The Psychology of an NBA Closer

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The Psychology of an NBA Closer

There's a certain mystique about the Brenda Leigh Johnson's of the NBA—the closers, that is.

Guys who come through in the clutch. Guys who aren't afraid to take over in the fourth quarter when their teams need them to do so. Guys who relish the opportunity to take the last shot. 

From Sam Jones and Jerry West, through Magic Johnson, Larry Bird and Michael Jordan, and up to Kobe Bryant, Carmelo Anthony and now LeBron James (among others), the league's history is littered with superstars who stepped up their respective games in the biggest moments.

But what is it that sets these elite shot-makers apart from their peers? Is it something innate? Is it something that these players developed through years of hard work and perseverance? Is it a combination of factors?

With all the talent on tap in the ever-widening world of basketball, why aren't there more players who succeed in crunch time? And is it possible to rectify that by turning serial choke artists into clutch kings?

To get a better idea as to the mental makeup of the typical crunch-time performer, I turned to Art Rondeau, a peak performance coach and certified trainer of neuro-linguistic programming (NLP). Rondeau deals primarily with the mental side of the game and has worked directly with players on the collegiate and pro levels.

In his estimation, there's one particular tie that binds many closers—one that's evident in these (and a host of other) clips of Michael Jordan hitting game-winning shots:

Jordan's flurry of furious fist pumps after hitting that iconic shot over Craig Ehlo of the Cleveland Cavaliers is indicative of what Rondeau describes as a "very high emotional payback":

When we feel something that good, we want to feel it again. And so, people who do something significant physically that ties into a powerful positive emotion, more than likely, are going to be able to hit the big shot over and over again.

Thus, when a clutch situation arises, those who derive the most pleasure from hitting such shots or are, in some ways, actively searching for that emotional payback—as it appears Michael Jordan was throughout his career—are more likely to step up in those moments. Rather than fearing the consequences of failure, they embrace the potential for success.

Of course, not all closers are exuberant in the aftermath of hitting a big shot, much less as exuberant as "His Airness" so often was. Tim Duncan, for instance, has fashioned a Hall of Fame career out of taking and making important shots, though not always with the same gusto one might see from an MJ or a Kobe.

Sure, the "Big Fundamental" has had his more emotive moments, like when he hit this game-tying three against the Phoenix Suns back in 2008:

But ardent observers of the game understand how subdued Timmy usually is, even after he comes through with a big play in a key moment, as he did during the San Antonio Spurs' wobbly win against the Dallas Mavericks on March 14:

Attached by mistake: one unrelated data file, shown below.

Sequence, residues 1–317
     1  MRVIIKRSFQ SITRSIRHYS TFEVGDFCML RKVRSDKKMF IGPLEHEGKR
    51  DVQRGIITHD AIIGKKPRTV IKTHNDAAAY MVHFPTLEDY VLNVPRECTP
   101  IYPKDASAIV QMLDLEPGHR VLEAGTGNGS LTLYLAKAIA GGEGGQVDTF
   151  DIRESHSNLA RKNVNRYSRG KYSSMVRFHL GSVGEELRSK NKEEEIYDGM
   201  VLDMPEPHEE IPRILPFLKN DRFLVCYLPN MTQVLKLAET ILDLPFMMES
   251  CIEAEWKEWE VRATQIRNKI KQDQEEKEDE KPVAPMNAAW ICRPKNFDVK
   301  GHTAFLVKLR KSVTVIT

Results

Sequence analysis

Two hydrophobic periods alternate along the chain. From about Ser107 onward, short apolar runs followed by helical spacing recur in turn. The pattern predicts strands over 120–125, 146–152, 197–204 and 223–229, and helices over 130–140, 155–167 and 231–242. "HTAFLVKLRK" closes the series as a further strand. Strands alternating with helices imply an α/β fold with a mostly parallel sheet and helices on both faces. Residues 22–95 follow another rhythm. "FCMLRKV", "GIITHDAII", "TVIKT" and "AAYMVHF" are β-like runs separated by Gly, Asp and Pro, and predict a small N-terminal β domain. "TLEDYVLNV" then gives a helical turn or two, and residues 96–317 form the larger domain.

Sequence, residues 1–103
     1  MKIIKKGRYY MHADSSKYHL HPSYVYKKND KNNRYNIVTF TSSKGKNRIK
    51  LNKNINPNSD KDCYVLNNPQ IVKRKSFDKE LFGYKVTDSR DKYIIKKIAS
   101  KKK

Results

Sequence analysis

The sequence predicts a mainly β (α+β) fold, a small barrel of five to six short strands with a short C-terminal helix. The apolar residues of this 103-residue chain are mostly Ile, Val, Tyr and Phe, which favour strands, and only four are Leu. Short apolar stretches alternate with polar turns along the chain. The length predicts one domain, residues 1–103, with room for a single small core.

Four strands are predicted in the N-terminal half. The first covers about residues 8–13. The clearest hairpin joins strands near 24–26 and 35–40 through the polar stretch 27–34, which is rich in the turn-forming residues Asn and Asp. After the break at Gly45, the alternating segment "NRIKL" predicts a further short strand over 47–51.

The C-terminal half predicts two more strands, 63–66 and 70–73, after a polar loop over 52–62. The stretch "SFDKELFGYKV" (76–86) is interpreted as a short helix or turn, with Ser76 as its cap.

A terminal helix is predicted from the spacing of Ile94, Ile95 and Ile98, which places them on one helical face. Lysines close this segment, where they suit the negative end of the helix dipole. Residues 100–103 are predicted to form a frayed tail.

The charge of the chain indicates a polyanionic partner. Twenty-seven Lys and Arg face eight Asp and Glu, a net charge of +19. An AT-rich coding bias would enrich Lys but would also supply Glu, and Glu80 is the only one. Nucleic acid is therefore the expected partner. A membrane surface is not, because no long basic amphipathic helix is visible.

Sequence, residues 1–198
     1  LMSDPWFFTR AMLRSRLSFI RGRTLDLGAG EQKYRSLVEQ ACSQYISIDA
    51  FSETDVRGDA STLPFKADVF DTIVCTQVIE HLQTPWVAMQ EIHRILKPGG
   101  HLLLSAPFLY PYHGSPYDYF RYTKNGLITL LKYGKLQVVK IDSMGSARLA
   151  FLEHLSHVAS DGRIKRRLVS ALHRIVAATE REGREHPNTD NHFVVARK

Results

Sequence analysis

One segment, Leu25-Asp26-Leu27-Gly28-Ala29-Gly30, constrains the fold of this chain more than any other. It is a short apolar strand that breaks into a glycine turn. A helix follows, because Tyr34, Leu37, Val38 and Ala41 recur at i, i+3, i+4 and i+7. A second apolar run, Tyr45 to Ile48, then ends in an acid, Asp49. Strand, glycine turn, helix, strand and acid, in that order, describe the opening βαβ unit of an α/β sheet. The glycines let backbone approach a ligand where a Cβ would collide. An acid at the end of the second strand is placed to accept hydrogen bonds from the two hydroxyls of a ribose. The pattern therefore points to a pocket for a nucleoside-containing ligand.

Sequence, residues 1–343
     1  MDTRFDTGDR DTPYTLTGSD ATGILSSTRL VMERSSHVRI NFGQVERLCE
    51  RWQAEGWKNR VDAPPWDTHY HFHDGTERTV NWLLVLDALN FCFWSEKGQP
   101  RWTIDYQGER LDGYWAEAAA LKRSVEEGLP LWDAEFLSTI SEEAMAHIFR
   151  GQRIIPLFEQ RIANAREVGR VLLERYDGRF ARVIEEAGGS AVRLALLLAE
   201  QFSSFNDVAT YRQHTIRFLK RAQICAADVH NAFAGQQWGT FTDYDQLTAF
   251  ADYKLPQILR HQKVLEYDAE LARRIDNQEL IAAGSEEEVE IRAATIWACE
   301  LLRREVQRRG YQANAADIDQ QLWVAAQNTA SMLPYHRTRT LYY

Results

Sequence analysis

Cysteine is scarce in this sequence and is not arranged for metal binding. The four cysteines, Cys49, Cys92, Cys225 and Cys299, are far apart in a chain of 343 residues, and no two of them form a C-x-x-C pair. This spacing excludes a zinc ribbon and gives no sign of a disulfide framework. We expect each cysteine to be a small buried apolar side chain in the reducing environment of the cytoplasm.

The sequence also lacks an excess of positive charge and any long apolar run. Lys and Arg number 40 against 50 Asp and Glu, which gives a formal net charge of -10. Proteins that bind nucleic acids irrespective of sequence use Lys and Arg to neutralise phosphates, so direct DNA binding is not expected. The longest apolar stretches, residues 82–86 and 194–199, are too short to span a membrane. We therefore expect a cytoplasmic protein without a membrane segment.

Rondeau noted the apparent disparity between Duncan and Jordan in this respect:

Their emotional makeup determines how they go about their business, but also how they go about their business determines what sorts of emotional paybacks they get. If someone values being in control, hits a clutch shot, and acts stoically, inside they’re feeling great because their actions and values stayed in sync when he hit the game winner.

Even so, coming through in the clutch requires more than just deep desire or an emotional trigger. For Rondeau, it's a matter of belief. A player must believe that he can and will make a big shot, and, more often than not, must have proof to corroborate that particular belief:

It starts out that they believe it because someone important said they could do it. Maybe their father or their coach or some player they respect said, 'I know you’ve got it in you. You’re going to be a great clutch shooter.' So that gets them over the hump to make their first big shot.

Now they’ve got evidence, so when it comes time for their second big shot, it’s not like, 'Oh, I wonder if I can do this. Was Coach Smith right about this?' They don’t have to worry about whether Coach Smith was right or not because they've got evidence that says 'I can hit a big shot.' Now they already know Coach Smith is right. 

Sometimes the coach is forced to inspire a player who’s been thrust into being clutch, even though his game seemingly isn’t up to the task. Sometimes, it’s the calm assurance of the player who knows he’ll hit the big shot that does the inspiring.

"Clutchness," then, is something that is often developed over time and, for some, from a young age. It's the product of experiences creating and/or confirming belief, of turning an abstract notion of late-game ability into a concrete one.

As such, it's something that Rondeau thinks can be taught: